Among other things, we underline how the current agricultural sector (with its hyper-specialization system, as opposed to the thermodynamic needs inherent in biodiverse systems) represents a threat for 86% of species at risk of extinction; this data has already emerged from the report “Food system impacts on biodiversity loss”, published on 3 February 2021, by the British study center Chatham House with the collaboration of the United Nations Environment Program (Unep) and Compassion in world farming; one of the largest international animal welfare organizations.

We recall that the Royal Institute of International Affairs, commonly known as Chatham House, is a British study centre, specialized in geopolitical analysis and global political-economic trends and among the most accredited think tanks worldwide (and therefore not the last arrived).
Furthermore, according to the FAO, to all this we must add that, in recent decades, on a global level, an average of 13 million hectares of forest have been destroyed (an area equal to that of Greece) per year.
What is worse is that not only does the Italian Government disavow the provisions of the Directives, Strategies and Court of Justice of the European Union, but also itself.
Firstly because the current Government has renamed the competent ministry with the wording: Ministry of Agriculture, Food Sovereignty and Forests. If the Italian has a complete sense with the concept of Food Sovereignty it means: “… the right of peoples to nutritious and culturally adequate, accessible food, produced in a sustainable and ecological way, and also the right to be able to decide their own food system and productive…”.
Secondly, as if the obvious oxymoron between the ministerial etymology and the authorization to experiment in the field of assisted evolution techniques (TEA) were not enough, it should be remembered that Italy had already issued a substantial document in the past, from part of what was, in the first decade of 2010, the Ministry of the Environment and the Protection of the Territory and the Sea.
This document entitled – The Impact of Alien Species on Ecosystems: Management Proposals, was drafted by various researchers for the approval of the National Biodiversity Strategy.
In it, a series of guidelines of a technical-scientific, and obviously political, order were outlined, in which the priorities to be followed and respected were highlighted:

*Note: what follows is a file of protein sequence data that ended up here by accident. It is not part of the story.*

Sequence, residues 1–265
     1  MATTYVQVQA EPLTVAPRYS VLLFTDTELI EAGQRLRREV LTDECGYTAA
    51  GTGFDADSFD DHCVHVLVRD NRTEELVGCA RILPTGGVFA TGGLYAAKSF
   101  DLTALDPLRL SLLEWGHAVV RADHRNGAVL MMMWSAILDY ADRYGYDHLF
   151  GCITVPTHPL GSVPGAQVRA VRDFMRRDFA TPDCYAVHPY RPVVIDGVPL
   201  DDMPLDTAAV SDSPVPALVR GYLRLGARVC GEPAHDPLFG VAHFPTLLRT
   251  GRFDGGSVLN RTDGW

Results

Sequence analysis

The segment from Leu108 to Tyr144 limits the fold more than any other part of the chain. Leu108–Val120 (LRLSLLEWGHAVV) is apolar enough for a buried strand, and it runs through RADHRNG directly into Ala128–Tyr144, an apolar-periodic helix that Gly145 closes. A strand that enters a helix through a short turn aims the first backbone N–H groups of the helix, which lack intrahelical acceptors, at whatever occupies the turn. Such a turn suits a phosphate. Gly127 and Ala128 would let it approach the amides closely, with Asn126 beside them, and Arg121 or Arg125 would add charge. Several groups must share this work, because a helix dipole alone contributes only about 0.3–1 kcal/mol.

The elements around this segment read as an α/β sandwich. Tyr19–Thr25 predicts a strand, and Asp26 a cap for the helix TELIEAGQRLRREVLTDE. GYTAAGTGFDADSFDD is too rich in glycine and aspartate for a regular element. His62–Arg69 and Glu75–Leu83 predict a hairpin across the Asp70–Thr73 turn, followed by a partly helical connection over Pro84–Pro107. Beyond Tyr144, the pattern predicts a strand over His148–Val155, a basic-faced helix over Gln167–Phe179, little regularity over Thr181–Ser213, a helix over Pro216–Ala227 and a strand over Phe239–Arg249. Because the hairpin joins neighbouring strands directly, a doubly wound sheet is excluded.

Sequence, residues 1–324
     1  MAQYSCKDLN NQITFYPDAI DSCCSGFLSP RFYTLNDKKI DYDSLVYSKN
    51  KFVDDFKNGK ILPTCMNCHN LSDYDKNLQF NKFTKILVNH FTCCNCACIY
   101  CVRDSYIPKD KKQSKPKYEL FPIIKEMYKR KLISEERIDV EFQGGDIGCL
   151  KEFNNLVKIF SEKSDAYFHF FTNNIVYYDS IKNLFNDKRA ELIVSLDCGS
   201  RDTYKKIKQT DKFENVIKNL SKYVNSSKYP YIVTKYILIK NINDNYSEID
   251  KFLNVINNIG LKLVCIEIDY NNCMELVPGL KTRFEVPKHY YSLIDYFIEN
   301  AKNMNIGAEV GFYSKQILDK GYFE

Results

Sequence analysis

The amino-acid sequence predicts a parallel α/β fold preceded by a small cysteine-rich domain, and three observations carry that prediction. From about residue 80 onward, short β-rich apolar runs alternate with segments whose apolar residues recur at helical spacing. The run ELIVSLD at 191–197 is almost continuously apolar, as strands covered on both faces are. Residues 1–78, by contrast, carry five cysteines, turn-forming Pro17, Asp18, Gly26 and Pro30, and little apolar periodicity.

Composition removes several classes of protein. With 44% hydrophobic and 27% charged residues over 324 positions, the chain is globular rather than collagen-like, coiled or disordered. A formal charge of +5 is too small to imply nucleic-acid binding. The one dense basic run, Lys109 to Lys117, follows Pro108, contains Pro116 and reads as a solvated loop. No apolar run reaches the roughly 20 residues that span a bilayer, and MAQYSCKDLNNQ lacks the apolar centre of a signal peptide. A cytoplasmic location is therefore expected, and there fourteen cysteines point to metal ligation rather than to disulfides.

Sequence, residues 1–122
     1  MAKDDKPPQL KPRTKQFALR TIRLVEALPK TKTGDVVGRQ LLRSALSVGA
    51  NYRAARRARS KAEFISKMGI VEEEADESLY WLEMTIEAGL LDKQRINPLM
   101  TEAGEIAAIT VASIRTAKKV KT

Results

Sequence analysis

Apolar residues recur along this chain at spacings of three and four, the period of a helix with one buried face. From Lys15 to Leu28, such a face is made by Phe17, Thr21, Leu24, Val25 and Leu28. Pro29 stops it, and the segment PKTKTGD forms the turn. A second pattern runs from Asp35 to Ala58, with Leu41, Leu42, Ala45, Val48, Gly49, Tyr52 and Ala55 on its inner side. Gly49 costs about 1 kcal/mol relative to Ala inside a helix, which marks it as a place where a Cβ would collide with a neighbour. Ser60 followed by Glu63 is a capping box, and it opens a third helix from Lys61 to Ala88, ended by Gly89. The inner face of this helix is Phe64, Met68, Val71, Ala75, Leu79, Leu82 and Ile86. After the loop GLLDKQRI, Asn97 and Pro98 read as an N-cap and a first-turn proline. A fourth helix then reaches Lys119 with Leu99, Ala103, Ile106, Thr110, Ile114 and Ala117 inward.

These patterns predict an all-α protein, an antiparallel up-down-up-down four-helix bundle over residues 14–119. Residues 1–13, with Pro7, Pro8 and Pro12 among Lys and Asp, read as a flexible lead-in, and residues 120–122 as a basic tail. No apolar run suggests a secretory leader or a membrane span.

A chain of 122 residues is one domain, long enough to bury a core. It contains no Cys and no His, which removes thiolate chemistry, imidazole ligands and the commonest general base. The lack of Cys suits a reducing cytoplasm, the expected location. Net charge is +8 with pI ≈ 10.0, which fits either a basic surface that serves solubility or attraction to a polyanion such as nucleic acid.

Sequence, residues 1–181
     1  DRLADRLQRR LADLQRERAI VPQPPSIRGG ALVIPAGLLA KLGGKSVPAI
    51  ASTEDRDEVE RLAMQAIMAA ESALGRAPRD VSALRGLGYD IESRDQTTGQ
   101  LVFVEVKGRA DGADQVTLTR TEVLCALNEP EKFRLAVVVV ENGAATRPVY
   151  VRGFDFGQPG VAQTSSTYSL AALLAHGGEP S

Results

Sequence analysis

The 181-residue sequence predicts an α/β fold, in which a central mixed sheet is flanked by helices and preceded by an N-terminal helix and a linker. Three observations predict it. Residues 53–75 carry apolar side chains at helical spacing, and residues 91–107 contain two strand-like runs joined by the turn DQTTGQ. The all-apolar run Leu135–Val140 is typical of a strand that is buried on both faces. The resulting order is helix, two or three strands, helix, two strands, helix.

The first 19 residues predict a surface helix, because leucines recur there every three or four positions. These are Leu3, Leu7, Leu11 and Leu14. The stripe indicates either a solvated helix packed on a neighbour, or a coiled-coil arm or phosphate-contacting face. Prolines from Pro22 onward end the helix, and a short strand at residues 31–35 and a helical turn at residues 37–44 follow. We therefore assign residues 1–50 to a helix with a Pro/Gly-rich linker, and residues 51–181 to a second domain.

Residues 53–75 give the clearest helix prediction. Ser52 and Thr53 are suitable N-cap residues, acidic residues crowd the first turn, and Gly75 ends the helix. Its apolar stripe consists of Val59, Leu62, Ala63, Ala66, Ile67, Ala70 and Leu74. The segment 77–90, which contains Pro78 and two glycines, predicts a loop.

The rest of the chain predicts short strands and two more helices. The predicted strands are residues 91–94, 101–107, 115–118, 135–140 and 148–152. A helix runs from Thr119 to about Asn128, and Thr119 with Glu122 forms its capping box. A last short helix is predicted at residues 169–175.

– the protection of both natural and agricultural biodiversity;
– measures to contrast allochthonous species;
– the promotion of structures suitable for the reproduction or breeding of native species;
– avoid favoring the spread of undesirable species (obviously including GMOs);
– etc.
If we then add to all this that the first Italian research center dedicated to biodiversity was born in recent days: the National Biodiversity Future Center, which kicks off with 300 million euros and 1,300 researchers, we seem to be in a ring in which the country is like a puglie played that take punches from all directions without a referee who intervenes to stop the match.
The incredible confusion (certainly not naive but certainly ill-prepared) in which a certain policy navigates today is evident, thrown into the waves of the great interests of multinationals and lobbies which, obviously, depose scientific, ethical and holistic discourses at all that we want the only principle they know: profit.
We seem to be able to say that the only thing that is sovereign in Italy is not the wording of the Ministry of Agriculture but the confusion in which the entire national political panorama has entered.
A panorama that, after years of struggles between the left and the right, has forgotten that ideology is to politics what epistemology is to science.
Ideology is the compass with which to navigate the course of politics and democracy of a country and, while we worry about the loss of biodiversity, political ideology has already become extinct.
In the age of social networks, of everyone knows everything, of electoral campaigns won with tweets, the only thing that has been lost is the principle on which Life is founded and consolidated, with its Biodiversity, its Rights, its Rules, and from which every healthy ideology is born.
For this reason we must continue to be vigilant in order to avoid the ever vigilant attempt of those who want to subject our planet to the interests of a few against the interests of all humanity.

Guido Bissanti